Youth suicide as a bioethical problem

17 July 1998


The ICB analyses the question of the increase of suicide attempts in teenagers within the framework of the changes in society and collective mentality in the contemporary world. The increase in suicides in this age group seems to be particularly affected by the transformation of the family structure and the weakening of the traditional ‘socialisation agents’ (starting with the school), to which an adequate social support network has not been given. Adults do not always appear to be aware of being models of identification and often do not pay sufficient attention to transmitting to children the importance of making moral choices, which are the foundation of their existence. The Committee urgently recommends the adequate professional training of social workers.

In a context of the disintegration of the social and cultural environment, it is increasingly difficult to communicate the sense of ethical values to adolescents. The very impact of the mass media is experienced uncritically, contributing to worsening an overall climate of violence and unrest. Over the last few years this unrest has aggravated to such a point as to generate real forms of maladjustment in weak subjects. In consideration of the extent and complexity of this scenario, the ICB deemed it opportune to offer points on which to reflect, aimed at the general understanding of suicide and the predicament of today’s adolescents, with particular attention to the condition of those at risk or in difficulty. It is with this objective that the document highlights some of the factors of suicide risk and the bioethical guidelines necessary to deal with the phenomenon in all its amplitude.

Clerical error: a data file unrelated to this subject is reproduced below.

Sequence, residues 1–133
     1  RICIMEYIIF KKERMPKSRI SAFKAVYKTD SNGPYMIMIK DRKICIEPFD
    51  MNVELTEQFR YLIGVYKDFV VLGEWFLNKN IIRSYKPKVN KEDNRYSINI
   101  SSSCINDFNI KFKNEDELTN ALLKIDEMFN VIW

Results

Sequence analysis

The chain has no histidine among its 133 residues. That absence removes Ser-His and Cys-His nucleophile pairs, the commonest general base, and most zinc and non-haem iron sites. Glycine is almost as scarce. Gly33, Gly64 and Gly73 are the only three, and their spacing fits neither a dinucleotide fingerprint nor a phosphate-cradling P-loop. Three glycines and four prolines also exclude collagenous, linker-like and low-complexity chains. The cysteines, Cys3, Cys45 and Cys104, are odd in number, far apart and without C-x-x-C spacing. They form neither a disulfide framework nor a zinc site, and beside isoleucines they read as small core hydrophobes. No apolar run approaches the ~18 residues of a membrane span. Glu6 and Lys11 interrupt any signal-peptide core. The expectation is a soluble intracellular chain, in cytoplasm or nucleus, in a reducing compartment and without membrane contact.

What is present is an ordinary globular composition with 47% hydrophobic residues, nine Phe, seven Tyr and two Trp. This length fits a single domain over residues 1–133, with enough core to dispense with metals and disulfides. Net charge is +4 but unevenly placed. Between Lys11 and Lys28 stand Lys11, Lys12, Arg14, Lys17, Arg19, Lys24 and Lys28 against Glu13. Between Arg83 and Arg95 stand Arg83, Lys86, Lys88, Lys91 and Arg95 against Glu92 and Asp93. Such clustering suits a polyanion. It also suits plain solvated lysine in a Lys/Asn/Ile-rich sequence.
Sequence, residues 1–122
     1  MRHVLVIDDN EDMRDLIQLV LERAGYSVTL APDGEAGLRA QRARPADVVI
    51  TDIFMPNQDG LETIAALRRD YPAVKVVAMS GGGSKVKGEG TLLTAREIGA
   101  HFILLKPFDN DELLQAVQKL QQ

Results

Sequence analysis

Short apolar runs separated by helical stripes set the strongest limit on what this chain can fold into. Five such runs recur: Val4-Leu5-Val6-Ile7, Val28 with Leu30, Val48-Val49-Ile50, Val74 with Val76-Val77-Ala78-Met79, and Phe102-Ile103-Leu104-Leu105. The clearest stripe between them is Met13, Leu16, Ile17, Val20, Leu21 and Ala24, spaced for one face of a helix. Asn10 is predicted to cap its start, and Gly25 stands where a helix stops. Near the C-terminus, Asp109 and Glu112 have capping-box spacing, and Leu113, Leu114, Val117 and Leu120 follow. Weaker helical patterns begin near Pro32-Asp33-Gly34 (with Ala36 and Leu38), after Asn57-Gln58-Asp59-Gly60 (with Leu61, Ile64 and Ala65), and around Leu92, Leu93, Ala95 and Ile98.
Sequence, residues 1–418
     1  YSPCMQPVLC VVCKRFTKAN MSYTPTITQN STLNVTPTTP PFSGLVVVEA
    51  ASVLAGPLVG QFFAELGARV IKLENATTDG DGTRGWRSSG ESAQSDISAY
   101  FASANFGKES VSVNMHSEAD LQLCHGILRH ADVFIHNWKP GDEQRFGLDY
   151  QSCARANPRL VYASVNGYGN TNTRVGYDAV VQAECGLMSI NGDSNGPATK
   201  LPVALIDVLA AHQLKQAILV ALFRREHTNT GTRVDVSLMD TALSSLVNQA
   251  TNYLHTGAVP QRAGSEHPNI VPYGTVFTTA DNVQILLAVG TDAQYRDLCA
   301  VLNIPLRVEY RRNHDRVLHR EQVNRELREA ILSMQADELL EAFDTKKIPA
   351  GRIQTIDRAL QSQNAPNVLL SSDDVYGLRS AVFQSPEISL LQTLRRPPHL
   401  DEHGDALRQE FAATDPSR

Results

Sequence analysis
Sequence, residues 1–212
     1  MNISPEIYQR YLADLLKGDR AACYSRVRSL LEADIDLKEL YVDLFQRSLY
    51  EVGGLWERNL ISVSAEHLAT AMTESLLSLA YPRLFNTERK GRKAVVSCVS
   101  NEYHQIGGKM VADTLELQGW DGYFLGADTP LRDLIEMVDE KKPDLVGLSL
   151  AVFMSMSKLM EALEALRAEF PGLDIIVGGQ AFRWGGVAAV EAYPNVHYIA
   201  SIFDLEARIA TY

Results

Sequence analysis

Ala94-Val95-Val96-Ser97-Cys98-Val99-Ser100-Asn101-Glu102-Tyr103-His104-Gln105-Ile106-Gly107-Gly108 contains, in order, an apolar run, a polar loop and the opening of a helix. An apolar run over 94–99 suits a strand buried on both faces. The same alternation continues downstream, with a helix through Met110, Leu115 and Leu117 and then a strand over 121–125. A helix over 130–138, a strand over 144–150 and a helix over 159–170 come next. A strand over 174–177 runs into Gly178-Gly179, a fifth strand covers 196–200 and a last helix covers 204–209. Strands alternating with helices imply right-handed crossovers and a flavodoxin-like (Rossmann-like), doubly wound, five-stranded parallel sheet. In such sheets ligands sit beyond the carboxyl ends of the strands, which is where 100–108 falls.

Action to prevent suicide is therefore essential, entrusted to services like family advice centres, social centres for teenagers and young people, educational projects specifically aimed at this age group, programmes linked to sports or summer camps, drug addiction services, community centres, local health units and psychiatric departments, as well as the prospects of intervention of an experimental nature (education on the road, education at work, proposals for self-managed spaces). The ICB invites us to reflect on the responsibility of the whole society with regard to the future of the growing generations.

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